Blisters develop most often on the feet and are normally caused by a mixture of friction and pressure. They are very common and can be very painful. A blister is a fluid pocket in the skin which develops when the upper skin layers separate and the space between them fills with serum. Serum is the liquid part of the blood - it contains protective substances like antibodies. The appearance is of a bubble on the skin.
For people with diabetes , having too much glucose sugar in their blood for a long time can cause some serious complications, including foot and skin problems, as well as heart disease, stroke, kidney disease, eye damage, and other problems. If you have an infection that will not heal because of poor blood flow, you are at risk for developing gangrene, which is the death of tissue due to a lack of blood. To keep gangrene from spreading, the doctor may have to remove a toe, foot, or part of a leg. This procedure is called amputation. Diabetes is the most common, non-traumatic cause of leg amputations. Each year, more than 56, people with diabetes have amputations. However, research suggests that more than half of these amputations can be prevented through proper foot care.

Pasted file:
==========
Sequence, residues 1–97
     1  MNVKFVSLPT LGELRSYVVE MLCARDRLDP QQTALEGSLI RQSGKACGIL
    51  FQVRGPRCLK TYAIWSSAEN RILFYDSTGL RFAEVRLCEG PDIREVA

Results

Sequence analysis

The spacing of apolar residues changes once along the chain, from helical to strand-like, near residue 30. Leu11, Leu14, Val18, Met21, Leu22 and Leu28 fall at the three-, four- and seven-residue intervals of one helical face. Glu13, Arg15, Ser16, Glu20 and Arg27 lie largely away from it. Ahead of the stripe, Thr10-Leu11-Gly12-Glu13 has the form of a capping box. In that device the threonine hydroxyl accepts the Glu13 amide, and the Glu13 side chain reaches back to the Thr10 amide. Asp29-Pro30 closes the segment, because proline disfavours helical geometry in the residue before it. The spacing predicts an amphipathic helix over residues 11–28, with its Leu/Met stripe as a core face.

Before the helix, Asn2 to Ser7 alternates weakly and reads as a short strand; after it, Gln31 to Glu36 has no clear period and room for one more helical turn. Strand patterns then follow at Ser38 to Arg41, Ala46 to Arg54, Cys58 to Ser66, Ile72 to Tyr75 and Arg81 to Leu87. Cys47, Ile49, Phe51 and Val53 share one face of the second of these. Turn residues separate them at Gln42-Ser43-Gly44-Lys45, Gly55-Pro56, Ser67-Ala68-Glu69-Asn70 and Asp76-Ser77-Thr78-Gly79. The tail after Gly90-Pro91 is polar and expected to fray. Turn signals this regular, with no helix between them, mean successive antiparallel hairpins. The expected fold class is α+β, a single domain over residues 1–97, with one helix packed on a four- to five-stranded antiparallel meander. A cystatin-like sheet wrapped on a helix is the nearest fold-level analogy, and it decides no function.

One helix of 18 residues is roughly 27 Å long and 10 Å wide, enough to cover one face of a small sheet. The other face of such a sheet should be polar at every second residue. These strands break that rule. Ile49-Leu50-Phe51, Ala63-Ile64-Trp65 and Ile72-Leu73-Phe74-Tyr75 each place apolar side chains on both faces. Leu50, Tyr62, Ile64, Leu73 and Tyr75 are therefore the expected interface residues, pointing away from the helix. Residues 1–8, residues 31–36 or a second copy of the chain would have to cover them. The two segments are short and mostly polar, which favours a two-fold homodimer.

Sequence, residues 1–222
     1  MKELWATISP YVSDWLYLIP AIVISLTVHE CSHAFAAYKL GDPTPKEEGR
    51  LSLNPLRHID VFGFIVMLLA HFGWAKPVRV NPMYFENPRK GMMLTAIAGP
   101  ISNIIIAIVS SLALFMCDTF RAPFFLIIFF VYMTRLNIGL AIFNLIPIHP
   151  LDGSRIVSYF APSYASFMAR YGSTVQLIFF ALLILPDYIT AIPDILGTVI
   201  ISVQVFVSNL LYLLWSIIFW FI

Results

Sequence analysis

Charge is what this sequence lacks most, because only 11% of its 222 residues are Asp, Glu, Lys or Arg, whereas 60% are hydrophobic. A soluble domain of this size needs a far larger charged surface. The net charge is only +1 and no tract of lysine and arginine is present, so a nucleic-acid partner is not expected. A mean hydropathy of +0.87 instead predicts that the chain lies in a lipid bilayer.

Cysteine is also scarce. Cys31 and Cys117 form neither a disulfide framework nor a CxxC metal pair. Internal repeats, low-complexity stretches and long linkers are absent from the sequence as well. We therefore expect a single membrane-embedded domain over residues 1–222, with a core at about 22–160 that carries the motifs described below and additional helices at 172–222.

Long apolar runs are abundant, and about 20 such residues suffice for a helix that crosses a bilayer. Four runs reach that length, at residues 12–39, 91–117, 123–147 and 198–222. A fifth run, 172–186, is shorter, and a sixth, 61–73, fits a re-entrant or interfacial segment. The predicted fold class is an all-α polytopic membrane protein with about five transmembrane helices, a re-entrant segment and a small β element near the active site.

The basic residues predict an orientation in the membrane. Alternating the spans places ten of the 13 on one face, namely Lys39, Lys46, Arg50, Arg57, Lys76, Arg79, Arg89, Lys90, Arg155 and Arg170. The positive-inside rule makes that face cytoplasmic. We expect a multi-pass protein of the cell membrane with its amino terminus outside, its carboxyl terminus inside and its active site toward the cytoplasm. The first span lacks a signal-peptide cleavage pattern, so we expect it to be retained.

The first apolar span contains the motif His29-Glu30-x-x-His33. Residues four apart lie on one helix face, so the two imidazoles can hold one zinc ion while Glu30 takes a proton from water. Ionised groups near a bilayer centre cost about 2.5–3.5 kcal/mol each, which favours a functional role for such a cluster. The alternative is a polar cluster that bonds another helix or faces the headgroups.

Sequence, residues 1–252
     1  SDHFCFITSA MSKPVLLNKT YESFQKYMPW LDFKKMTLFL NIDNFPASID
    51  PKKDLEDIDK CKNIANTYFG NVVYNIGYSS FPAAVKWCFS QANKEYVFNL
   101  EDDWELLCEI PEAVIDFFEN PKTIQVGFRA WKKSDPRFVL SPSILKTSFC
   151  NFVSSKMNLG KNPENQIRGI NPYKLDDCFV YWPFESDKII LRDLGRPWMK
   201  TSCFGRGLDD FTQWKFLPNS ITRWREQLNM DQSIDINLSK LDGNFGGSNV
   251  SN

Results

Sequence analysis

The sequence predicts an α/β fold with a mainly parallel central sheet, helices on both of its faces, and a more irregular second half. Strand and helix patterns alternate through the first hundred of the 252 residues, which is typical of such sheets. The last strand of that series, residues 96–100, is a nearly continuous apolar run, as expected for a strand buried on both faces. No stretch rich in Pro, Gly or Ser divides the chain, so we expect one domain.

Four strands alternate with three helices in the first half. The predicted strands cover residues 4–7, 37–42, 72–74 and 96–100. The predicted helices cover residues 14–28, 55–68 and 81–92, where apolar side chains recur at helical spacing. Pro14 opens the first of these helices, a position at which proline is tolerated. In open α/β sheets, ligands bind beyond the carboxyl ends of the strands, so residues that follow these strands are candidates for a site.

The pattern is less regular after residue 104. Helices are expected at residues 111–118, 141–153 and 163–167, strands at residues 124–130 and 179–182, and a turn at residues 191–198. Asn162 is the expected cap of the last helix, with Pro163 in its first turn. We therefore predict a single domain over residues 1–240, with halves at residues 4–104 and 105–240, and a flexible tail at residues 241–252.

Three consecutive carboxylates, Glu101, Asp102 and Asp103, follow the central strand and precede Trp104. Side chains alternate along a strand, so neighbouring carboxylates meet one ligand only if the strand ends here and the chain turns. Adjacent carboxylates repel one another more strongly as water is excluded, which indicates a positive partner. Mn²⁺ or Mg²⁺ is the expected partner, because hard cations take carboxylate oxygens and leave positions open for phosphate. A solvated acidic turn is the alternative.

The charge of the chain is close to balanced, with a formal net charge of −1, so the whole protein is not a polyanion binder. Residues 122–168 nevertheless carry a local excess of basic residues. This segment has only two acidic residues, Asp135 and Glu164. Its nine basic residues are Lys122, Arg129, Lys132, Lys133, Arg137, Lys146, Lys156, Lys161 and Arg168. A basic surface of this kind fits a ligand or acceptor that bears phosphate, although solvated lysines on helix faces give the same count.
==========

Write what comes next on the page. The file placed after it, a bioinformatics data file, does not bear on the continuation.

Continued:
DermNet provides Google Translate, a free machine translation service. Note that this may not provide an exact translation in all languages. A friction blister is a blister caused by the skin repeatedly rubbing against another object. It most often forms on the palms, fingers, soles, sides of the feet and toes. The top of the blister is rubbed off where skin is thinner, such as the top of the hand or foot, forming an abrasion.
Ulcers are typically defined by the appearance of the ulcer, the ulcer location, and the way the borders and surrounding skin of the ulcer look. Neuropathy and peripheral artery disease often occur together in people who have diabetes. Nerve damage neuropathy in the feet can result in a loss of foot sensation and changes in the sweat-producing glands, increasing the risk of being unaware of foot calluses or cracks, injury or risk of infection.